Tran C, et al. Histopathology 2020.
AIMS: Nodal staging in colorectal cancer (CRC) informs prognosis and guides adjuvant treatment decisions. A standard minimum of 12 lymph nodes is widely used, with additional sampling performed as required. However, there is little data on how lymph node resampling in this context has an impact on nodal stage. The aim of this study was to evaluate the effectiveness of resampling in detecting metastases and tumour deposits, and the impact on stage.
METHODS AND RESULTS: A retrospective cohort analysis was performed on CRC resections that underwent resampling due to an initial yield of <12, from 2008-2018. Data relating to the patient demographics, specimen, malignancy, and prosection were collected. Slides were reviewed to quantify nodal metastases and tumour deposits before and after resampling. Among ≥pN1 cases, logistic regression analysis was performed to evaluate factors that predicted finding additional metastases and tumour deposits. The cohort comprised 395 cases, of which resampling identified nodal metastases and/or tumour deposits in 30 (7.6%) cases; nodal upstaging occurred in 20 (5.1%) cases; 8 (2.0%) changed from pN0 to ≥pN1. No factors predicted resampling positive lymph nodes or tumour deposits, and pN upstaging occurred across a variety of cases. A subgroup analysis was performed to assess the impact of resampling on high-risk features in stage II cases (n=117). There were 33 (8.5%) patients who no longer had any high-risk features after resampling.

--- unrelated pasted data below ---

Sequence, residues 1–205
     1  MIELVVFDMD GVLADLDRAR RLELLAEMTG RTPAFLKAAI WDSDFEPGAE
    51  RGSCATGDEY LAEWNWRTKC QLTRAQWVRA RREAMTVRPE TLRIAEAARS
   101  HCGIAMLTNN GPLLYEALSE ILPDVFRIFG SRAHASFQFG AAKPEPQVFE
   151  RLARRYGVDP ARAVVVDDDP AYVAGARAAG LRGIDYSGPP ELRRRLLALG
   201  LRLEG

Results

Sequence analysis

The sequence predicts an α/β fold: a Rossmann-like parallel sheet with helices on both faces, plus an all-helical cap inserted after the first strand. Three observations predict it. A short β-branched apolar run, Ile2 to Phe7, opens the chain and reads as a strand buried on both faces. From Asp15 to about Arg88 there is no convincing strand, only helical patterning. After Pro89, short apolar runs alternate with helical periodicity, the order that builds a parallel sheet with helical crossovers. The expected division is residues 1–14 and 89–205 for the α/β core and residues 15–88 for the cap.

CONCLUSIONS: Lymph node resampling has an impact on nodal staging and possible treatment decisions in a considerable proportion of patients and is recommended in all cases with <12 lymph nodes.